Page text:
Crowdfunding Tip #1: The Campaign Video
Vann Alexandra Daly is a Miami-born, New York-based crowdfunding producer who gives life to art she believes in. Alex was recently named the “crowdsourceress” for her expertise in crowdfunding. Over the course of a year, Alex has raised millions of dollars for clients including Oscar and Emmy-nominated filmmakers and Neil Young. She has served on panels at distinguished film festivals and universities and consults Knight Foundation art grantees. In addition to her crowdfunding successes, Alex is a producer for the feature length documentary Cocaine Prison, which has received support from the Macarthur Foundation, Cannes Film Festival’s Fonds Sud Cinema, Sundance Documentary Fund, Tribeca Latin America Fund, Bertha BritDoc Journalism Award, and more. Her other films have been selected by the world’s most prestigious festivals including Sundance and Tribeca.
The universal question around what I do is (not surprisingly): What does it take to make a successful crowdfunding campaign? The question comes up at panels; during dinner parties; within the first ten minutes of meeting a new client; on the subway in rush hour; etc. But much like answering the question What is the meaning of life?, there is no one clear answer. There are several.
A crowdfunding campaign is made up of so many moving parts, and all these parts need to be done right and well for it to be an overall success. So, to use my nickname “the Crowdsourceress” to good use, I am going to start offering (hopefully) helpful crowdfunding tips right here in this column.
A ton of the work around a crowdfunding campaign occurs even before the campaign begins. This period of time is what I like to call “preproduction.” One of the most important pre-launch elements of a campaign is the video. The campaign video is essential as it’s usually the first thing that potential backers see when they go to your project page. What makes a good campaign video? A handful of things: length; storytelling; your brand voice; and production quality.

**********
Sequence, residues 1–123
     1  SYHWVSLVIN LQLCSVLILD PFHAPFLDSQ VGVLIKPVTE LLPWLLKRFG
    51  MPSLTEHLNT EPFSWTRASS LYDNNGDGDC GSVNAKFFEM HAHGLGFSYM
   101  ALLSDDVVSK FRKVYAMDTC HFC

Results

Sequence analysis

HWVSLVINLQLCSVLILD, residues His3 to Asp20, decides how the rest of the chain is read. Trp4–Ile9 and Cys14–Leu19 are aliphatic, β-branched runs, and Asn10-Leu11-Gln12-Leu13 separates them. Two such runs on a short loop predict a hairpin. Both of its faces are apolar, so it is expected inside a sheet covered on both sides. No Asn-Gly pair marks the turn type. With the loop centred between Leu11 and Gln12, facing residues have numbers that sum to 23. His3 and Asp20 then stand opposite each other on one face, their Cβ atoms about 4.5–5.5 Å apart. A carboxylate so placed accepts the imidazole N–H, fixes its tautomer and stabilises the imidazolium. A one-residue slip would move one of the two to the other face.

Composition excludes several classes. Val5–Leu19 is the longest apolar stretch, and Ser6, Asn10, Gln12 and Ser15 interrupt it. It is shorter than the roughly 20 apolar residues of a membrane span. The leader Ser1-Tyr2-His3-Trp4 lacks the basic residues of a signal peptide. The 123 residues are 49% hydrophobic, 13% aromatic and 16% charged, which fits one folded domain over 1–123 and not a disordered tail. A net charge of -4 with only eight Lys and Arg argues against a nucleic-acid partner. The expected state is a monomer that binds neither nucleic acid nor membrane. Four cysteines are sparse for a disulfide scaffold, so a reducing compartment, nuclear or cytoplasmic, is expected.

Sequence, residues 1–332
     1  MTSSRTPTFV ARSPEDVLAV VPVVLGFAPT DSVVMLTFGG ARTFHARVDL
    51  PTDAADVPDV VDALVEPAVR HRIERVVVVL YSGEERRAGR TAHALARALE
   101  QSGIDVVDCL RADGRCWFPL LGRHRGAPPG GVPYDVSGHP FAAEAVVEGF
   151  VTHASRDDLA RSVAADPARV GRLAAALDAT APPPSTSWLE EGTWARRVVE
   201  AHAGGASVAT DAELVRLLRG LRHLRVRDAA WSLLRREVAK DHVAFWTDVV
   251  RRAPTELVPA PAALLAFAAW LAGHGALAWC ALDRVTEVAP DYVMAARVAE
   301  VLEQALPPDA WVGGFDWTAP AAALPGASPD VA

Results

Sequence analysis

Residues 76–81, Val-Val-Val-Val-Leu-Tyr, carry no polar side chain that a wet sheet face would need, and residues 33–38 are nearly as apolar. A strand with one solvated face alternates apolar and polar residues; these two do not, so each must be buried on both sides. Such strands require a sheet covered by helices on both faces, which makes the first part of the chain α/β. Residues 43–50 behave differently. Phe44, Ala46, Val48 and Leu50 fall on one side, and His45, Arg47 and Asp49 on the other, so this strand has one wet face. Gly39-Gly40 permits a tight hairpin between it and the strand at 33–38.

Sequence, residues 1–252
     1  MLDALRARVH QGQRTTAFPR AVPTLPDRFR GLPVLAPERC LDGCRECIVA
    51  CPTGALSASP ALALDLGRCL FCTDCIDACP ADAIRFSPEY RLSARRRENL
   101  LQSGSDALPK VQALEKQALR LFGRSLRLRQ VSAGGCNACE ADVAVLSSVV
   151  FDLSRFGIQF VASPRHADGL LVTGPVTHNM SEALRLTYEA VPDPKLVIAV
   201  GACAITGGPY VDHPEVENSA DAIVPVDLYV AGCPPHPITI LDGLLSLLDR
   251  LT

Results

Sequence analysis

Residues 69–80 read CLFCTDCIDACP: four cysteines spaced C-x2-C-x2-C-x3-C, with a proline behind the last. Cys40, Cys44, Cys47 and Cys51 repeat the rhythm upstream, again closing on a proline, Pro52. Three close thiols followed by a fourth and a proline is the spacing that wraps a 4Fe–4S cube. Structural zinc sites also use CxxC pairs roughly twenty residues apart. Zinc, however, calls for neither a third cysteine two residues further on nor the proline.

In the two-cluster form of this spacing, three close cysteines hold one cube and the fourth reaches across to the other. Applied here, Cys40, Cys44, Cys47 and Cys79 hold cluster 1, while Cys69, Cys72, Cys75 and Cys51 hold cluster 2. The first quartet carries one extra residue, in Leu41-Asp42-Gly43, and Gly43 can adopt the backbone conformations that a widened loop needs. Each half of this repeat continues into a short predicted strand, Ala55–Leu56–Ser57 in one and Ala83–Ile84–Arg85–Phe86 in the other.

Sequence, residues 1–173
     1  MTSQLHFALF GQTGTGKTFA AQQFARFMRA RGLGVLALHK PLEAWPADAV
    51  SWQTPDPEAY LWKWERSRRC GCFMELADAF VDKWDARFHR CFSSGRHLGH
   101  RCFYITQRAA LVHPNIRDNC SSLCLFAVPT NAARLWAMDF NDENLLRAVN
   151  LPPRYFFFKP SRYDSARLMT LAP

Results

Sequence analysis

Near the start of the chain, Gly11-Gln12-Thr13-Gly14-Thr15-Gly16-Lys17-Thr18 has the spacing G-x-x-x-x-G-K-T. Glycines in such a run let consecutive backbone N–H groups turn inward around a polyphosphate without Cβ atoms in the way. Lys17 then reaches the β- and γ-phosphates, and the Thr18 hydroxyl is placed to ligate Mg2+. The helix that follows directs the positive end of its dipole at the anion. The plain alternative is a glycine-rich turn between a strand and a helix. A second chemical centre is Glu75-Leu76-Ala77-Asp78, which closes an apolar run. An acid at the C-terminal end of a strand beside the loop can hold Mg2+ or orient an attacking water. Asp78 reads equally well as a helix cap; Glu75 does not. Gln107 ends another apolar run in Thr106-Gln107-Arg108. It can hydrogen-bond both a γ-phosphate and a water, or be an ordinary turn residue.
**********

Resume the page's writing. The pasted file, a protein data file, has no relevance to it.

To start off, keep your video short and sweet. I would say stick to under three minutes, as potential backers might lose interest and decide to go onto the next project. In this short period of time, be sure to talk about what your project is about, who is making it, and why you need the funds. Remember: short and sweet.
Of course there are exceptions to this rule, such as the Neil Young campaign I am running, which is 11 minutes long. Our video is made up of top music industry execs and famous musicians (Sting, Elton John, Eddie Vedder, Beck, etc), talking about their love for our product, PonoMusic, and they take their time talking (and gushing about it). While I was a bit concerned about the length at first, Neil was adamant about keeping it as is because, in the end, it’s his vision, and he knows it best. This is what I realized: because we were introducing an audioplayer we had to create an experience for our backers as they could not actually hear the player. The best way to do this was through telling a story via experts in the field. And with one day left of the campaign, and 750% over our goal, it’s clear it worked.
Which brings me to the next video element: storytelling. I absolutely loved the storytelling in this film project by a Emerson college student raising money for his experimental short. Clocking in at 2:29, it’s descriptive, clear, and very fun. What this student also did very well was use his “brand” voice. His video was quirky, which aligned with the aesthetic of his experimental short film. Along these lines, in a recent fashion project, a lingerie designer used her company’s brand voice exceptionally well in her video, which mimicked the French film Amelie. Through her video, she really captured what her company and style is all about.
So if you’re raising money for a funny film, make your video funny. If you’re a serious person making a serious product, be serious. Do not try to go against who you are or what your project is trying to be. Be honest and authentic in representing your project throught the video.
The last and very necessary element is production quality. Make sure your video looks and sounds good. If you have a friend who works in film, ask for a favor. Or consider this an out of pocket expense. It will be worth it.
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